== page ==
Dr. Finn Zedler: I first came to Asia about a year before the SARS pandemic in 2002/2003 and spent most my time educating labs about molecular diagnostics (MDx) and the power of real-time PCR (qPCR). Most labs here had no concept of MDx and qPCR. The SARS pandemic 2003 was a real game-changer and a wake-up call for many, but not all countries in the region. In most countries, it was very rapidly understood that MDx is the only way to identify carriers rapidly and sensitively, which is a fundamental requirement to control the outbreak by isolating carriers and treating patients, in many cases even before they display symptoms.
After the value of MDx had been demonstrated and understood by the labs, the clinicians, and the policy makers, qPCR was established rapidly in most countries and capabilities and capacities built accordingly. At the same time the markets adopted the technology, the suppliers also saw MDx as a new high-value growth opportunity, and all large Life Science and Diagnostics companies developed or acquired a portfolio of MDx products. As a result not only countries like Singapore, Malaysia, China, Taiwan that were hit by SARS to various degrees in 2002/2003 but also markets like Korea, which was not affected by SARS, understood the importance of molecular tests and took action to develop capabilities. Their preparedness and capabilities for molecular testing – in terms of skilled manpower, infrastructure, and political will, are quite evident during this SARS-CoV-2 pandemic.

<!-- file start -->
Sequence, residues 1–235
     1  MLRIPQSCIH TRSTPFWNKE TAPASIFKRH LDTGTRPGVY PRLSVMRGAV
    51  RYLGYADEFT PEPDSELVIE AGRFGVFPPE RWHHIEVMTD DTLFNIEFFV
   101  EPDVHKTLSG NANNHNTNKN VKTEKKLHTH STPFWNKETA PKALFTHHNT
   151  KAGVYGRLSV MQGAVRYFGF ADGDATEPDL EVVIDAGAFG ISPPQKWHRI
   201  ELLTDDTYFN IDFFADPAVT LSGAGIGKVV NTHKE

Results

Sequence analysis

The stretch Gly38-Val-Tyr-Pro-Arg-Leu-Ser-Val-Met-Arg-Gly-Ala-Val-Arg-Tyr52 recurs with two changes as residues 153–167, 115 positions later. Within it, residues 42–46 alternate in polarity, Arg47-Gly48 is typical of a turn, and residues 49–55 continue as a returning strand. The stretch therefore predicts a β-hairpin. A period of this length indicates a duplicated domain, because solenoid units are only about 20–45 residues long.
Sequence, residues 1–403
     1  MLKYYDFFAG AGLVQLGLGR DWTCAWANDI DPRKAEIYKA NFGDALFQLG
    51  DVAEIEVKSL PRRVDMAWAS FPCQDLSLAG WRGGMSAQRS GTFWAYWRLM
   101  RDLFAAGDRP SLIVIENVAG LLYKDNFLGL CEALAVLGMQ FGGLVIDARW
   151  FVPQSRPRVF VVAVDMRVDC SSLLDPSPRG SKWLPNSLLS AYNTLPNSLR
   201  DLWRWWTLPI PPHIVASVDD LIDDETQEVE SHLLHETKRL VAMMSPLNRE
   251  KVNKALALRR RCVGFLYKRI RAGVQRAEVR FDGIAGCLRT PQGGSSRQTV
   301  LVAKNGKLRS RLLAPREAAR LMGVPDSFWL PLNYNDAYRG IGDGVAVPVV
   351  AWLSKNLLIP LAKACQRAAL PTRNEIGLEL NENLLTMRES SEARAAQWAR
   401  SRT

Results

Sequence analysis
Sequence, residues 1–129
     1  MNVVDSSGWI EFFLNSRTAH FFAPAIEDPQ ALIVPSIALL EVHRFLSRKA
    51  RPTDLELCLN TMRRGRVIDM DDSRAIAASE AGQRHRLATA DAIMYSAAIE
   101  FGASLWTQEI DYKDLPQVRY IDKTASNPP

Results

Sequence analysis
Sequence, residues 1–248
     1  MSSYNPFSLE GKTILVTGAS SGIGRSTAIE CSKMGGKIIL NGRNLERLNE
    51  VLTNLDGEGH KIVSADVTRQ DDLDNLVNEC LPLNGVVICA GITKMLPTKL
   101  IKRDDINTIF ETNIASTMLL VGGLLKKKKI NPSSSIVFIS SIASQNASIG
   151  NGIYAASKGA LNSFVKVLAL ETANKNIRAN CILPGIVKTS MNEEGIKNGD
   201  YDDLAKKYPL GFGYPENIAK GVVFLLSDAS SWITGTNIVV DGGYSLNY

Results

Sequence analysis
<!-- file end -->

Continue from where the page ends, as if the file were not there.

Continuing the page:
In line with this mega-trend of implementing MDx in the healthcare systems over the past about 20 years, I am observing now that those countries that have been slow to adopt MDx earlier and on a larger scale, maybe because they were spared by SARS in 2002/2003, are now realizing the need to develop MDx infrastructure and capabilities and we see new labs being planned and commissioned is some places. These countries are now going through the same learning curve their neighbors went through almost 2 decades ago.
But a more significant and recent development is the localization of MDx in the markets and the emergence of Asian companies on the global markets. The building of capabilities did not stop at the service level, i.e. the labs, but also fostered the growth of local industries, most obvious in China and Korea. As much as China already produced MDx products for its domestic market for many years and made market access very hard for any imported product, Korea developed national biotech champions that have successfully captured significant market share also outside Korea on the global markets. It seems to me both countries are also learning from each other and China over the past few years is aggressively targeting market access and market share outside China, while Korea has raised the regulatory barriers for market access in Korea, making a KFDA approval one of the most stringently regulated and most difficult to obtain market authorizations. As a result, both countries rely exclusively on their domestic products for COVID-19 tests and have built the capacity and sales channels to export their products globally. The exclusive reliance on home-grown capabilities doesn’t stop at these two examples. We see a very similar situation in Taiwan and Vietnam, and in India, we see the rise of many smaller local players aggressively competing for market share domestically. We may see some consolidation here in the future and a stronger player targeting the global markets too.